Stress Relief

When you’ve been diagnosed with heart disease, you need to manage a number of new stressors on an ongoing basis. Dealing with more frequent doctor visits, getting used to new medical treatments, and adjusting to lifestyle changes are just some of the factors that may cause you to experience stress and anxiety.

Fortunately, you can take some simple steps to help relieve stress. Many of those steps can help improve your overall health as well, including the health of your heart. Exercise is one of the best strategies for combating stress and managing heart disease.

Physical activity can help lower your overall stress levels and improve your quality of life, both mentally and physically. Exercising regularly can have a positive effect on your mood by relieving the tension, anxiety, anger, and mild depression that often go hand-in-hand with stress. It can improve the quality of your sleep, which can be negatively impacted by stress, depression, and anxiety. It can also help boost your confidence levels.

How Does Exercise Help With Stress?

Physical activity improves your body’s ability to use oxygen and also improves blood flow. Both of these changes have a direct effect on your brain. Exercise also increases your brain’s production of endorphins. Endorphins are the “feel-good” neurotransmitters that are responsible for the coveted “runner’s high.” This is the sense of well-being and euphoria that many people experience after exercise.

Physical activity can also help take your mind off your worries. The repetitive motions involved in exercise promote a focus on your body, rather than your mind. By concentrating on the rhythm of your movements, you experience many of the same benefits of meditation while working out. Focusing on a single physical task can produce a sense of energy and optimism. This focus can help provide calmness and clarity.

Some people notice an improvement in their mood immediately after a workout. Those feelings don’t end there, but generally become cumulative over time. Chances are, you will notice increased feelings of well-being as you stay committed to a consistent exercise routine.

In addition to having a direct effect on your stress levels, regular exercise also promotes optimum health in other ways. Improvements to your overall health may help indirectly moderate your stress levels. By improving your physical wellness and heart health, you’ll have less to feel stressed about.

Among some of its additional benefits, exercise can help:

  • strengthen your muscles and bones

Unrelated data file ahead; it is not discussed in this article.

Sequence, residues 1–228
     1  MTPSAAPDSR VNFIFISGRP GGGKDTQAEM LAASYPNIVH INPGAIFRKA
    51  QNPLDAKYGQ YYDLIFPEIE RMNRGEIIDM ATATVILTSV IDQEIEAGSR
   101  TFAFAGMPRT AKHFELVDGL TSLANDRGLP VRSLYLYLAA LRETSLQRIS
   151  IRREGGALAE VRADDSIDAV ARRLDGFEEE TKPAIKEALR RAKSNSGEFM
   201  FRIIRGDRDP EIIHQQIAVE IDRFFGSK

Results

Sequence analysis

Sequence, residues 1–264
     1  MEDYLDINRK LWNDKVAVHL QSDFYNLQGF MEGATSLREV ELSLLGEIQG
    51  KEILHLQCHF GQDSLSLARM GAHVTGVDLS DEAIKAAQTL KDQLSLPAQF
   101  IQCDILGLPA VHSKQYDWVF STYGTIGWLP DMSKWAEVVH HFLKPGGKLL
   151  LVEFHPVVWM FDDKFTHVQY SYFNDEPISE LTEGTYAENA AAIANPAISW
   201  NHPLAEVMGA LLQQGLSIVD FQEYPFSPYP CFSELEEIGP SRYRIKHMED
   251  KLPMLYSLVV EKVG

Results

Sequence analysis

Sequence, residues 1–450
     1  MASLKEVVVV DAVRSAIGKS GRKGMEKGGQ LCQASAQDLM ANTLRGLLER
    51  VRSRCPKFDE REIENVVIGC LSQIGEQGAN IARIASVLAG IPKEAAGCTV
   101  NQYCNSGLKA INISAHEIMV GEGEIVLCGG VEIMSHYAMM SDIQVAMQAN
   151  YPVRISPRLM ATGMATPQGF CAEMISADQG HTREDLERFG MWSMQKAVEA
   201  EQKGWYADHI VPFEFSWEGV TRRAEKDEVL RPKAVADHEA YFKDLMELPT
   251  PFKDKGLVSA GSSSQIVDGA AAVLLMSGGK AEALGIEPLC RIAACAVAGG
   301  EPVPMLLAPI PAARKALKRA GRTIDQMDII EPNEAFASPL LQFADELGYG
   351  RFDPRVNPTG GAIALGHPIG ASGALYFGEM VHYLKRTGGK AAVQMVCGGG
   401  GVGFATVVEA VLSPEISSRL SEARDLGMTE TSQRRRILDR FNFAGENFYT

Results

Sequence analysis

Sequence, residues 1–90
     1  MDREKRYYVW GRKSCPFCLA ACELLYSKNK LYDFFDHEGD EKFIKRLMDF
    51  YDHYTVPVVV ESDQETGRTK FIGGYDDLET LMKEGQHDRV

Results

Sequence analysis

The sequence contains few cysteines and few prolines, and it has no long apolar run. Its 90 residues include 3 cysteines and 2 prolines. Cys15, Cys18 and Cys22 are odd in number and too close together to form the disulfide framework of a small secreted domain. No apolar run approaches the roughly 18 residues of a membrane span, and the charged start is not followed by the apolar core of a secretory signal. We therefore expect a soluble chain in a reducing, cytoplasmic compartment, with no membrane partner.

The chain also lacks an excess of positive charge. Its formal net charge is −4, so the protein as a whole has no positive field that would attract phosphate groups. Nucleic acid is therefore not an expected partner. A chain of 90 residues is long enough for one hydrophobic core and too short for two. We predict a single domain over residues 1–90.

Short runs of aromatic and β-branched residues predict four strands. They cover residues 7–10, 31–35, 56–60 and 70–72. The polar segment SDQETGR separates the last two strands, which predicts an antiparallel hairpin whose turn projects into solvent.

• strengthen your immunity, which can decrease your risk of illness and infection
  • lower your blood pressure, sometimes as much as some antihypertensive medications
  • boost levels of good cholesterol in your blood
  • improve your blood circulation
  • improve your ability to control weight
  • help you sleep better at night
  • boost your energy
  • improve your self-image

How Much Exercise Do You Need?

The American Heart Association (AHA) recommends getting at least 150 minutes of moderate aerobic activity every week. They suggest breaking it down by tackling 30-minute workout sessions at least five days a week. If you’re short on time, and can’t fit in a full 30-minute session, three 10-minute workouts have been shown to work almost as well as 30 minutes at once.

The AHA also encourages you to incorporate at least two sessions of muscle-strengthening activities into your weekly routine. You should give all your major muscle groups a good workout, including your arms, shoulders, chest, back, abdomen, legs, abdominals and other core muscles.

Be sure to build up your physical activity level gradually if you’re new to an exercise program. For example, your doctor might suggest you start with 20 minutes of aerobic exercise, three days a week, and increase gradually from there.

What Types of Exercise Help With Stress?

There are many ways to meet your weekly exercise targets. What type of physical activity should you choose?

You don’t need to be a marathon runner or elite athlete to experience stress relief from exercise. Almost any kind of exercise can be helpful.

For example, consider trying moderate aerobic exercises such as:

  • biking
  • brisk walking or jogging
  • swimming or doing water aerobics
  • playing tennis or racquetball
  • dancing
  • rowing

When it comes to muscle-strengthening exercises, consider trying weight lifting or activities with resistance bands.

Even something as simple as gardening or choosing to take the stairs rather than the elevator can give you an emotional lift.

Any type of exercise can increase your fitness and decrease your stress. However, it’s important to choose an activity that you enjoy rather than dread. If you don’t like the water, don’t choose swimming as your activity. If the thought of running makes you anxious, training for a 5K race won’t help relieve your stress. Try a variety of activities until you find some you enjoy. When you’re having fun, you’ll be more likely to stick with your workout routine.

Working out with someone else can also add to the stress-busting benefits of workout. Sharing it with family members of friends can make exercise feel more like fun and less like work.

Check with Your Doctor

If you’re out of shape or new to exercising, ask your doctor for guidance on what forms of exercise are right for you. They can help you develop a safe and effective workout routine while taking your specific condition and fitness level into account. Discuss appropriate intensity levels with your doctor.

You can enjoy the stress-relieving benefits of exercise even if you’re out of shape or not athletic. Regular exercise can help you feel less stressed, anxious, and depressed, and more relaxed, optimistic, and happy. It can also improve your overall health, including the health of your heart.